Roman Bust Of Alcibiades

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rocktupac
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Roman Bust Of Alcibiades

Post by rocktupac »

Has anyone ever seen this bust of Alcibiades. I came across it while randomly searching on Wikipedia and couldn't help but notice the striking resemblance of an idealized Alexander. I realize it's a Roman copy of an original Greek bust, and the Roman sculptor (I can only suspect) created it with a hint of Alexander in mind, I still found it interesting.

It has the wavy hair, eyes gazing upward, head tilting to the side, and full lips. All the typical features of a bust of Alexander.

Here's the link: http://en.wikipedia.org/wiki/Image:Bust ... MC1160.jpg
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Post by Paralus »

If this is a copy of a Greek original, we would dearly love to know something of the "provenance" of that original. The date of the original work would help immensely. That, of course, is irretrievable one suspects.

The fact that the face is clean shaven is interesting: the classic Greek statesmen – even one as hubristic, self-interested and capricious as Alkibiades – was bearded. We are, though, speaking of Alkibiades.

I do not, though, think the sculptor was in any way “channelling” Alexander. You see, Alexander was hardly the first to adopt (or to have) a “tilted head” nor “gazing upward” eyes. The hair too is not out of the ordinary – especially when one takes into account the “Jack the lad” that was Alkibiades.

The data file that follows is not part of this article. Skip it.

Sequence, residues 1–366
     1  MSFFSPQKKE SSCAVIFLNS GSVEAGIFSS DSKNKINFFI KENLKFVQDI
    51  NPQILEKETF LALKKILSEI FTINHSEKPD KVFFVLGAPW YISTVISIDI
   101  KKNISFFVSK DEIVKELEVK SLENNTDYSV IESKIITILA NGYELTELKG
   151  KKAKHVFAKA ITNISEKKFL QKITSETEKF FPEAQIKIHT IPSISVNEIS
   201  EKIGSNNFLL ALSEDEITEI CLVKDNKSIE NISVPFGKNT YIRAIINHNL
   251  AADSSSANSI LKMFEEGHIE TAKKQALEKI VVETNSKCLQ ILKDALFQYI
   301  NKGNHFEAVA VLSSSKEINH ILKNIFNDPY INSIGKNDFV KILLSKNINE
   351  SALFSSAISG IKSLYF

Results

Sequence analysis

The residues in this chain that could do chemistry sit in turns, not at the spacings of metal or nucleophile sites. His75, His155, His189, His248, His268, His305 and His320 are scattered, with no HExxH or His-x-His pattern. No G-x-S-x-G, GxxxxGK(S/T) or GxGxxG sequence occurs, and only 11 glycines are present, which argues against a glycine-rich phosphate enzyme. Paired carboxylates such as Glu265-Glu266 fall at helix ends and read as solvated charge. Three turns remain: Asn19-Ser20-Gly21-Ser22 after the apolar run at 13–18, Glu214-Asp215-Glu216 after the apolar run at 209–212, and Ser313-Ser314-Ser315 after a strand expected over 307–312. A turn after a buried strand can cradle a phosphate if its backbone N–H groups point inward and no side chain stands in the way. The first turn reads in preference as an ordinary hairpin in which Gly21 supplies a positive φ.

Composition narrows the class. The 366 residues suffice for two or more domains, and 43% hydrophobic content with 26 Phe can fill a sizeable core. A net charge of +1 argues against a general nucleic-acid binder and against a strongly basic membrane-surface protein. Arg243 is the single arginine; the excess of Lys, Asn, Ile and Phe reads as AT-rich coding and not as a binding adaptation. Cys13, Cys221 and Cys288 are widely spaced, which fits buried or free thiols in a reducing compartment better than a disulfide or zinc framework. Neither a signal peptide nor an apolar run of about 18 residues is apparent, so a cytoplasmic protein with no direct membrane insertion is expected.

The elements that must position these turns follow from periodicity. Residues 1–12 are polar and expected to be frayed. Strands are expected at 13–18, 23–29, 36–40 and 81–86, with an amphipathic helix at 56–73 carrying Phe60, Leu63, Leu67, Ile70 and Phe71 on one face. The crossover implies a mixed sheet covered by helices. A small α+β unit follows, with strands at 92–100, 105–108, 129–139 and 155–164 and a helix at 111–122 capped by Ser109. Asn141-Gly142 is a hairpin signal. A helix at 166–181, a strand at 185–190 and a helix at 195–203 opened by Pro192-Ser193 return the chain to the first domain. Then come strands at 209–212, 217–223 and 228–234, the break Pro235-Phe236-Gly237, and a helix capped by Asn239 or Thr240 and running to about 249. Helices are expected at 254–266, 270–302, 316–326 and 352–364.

Euripides’ saying that even the autumn of beauty possesses a loveliness of its own is not universally true. But if it applies to few others, it was certainly true of Alcibiades on account of his natural gifts and his physical perfection. Even his lisp is said to have suited his voice well and to have made his talk persuasive and full of charm…

And Archippus, when he makes fun of Alkibiades’ son, says, “He goes mincing along, trailing his long robe behind him, trying to look the image of his father”, and again, “He tilts his head to one side and overdoes his lisp”. (Plutarch, Alkibiades, 1.3-4)
There is precious little new under a Greek sun.
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Post by smittysmitty »

My understanding is that Alcibiades was always portrayed wearing a helmet in attempt to cover up his rather elongated head.

I believe he was known affectionately as 'egg head' to his mates at the time.


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Post by Paralus »

Not quite Smitty. That would be his guardian or "foster dad" the eminent Perikles.

Always with his helemt on. It is said he addressed the assembly in similar attire.

Alkibiades was made a ward of Perikles after his father, Kleinias, died in the battle of Koroneia in 446. It marked the end of Athens' central Greece "land empire" as well as the adoption of detente with Sparta by - an until then belligerent - Perikles.

It was a fairly "aggressive" detente all the same.
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Wicked men, you sin against your fathers, who conquered the whole world under Philip and Alexander.

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Post by smittysmitty »

My apologies Paralus,

your absolutely right. Got ahead of my self a little. Don't know what I was thinking. I've been racking my brain over a paper on the Greco-Persian Wars. I'm supposed to explain why the Persians failed to take Greece. Problem is, I reckon they did. Gunna stir the pot a bit, not too much - gotta keep some of the tradition alive.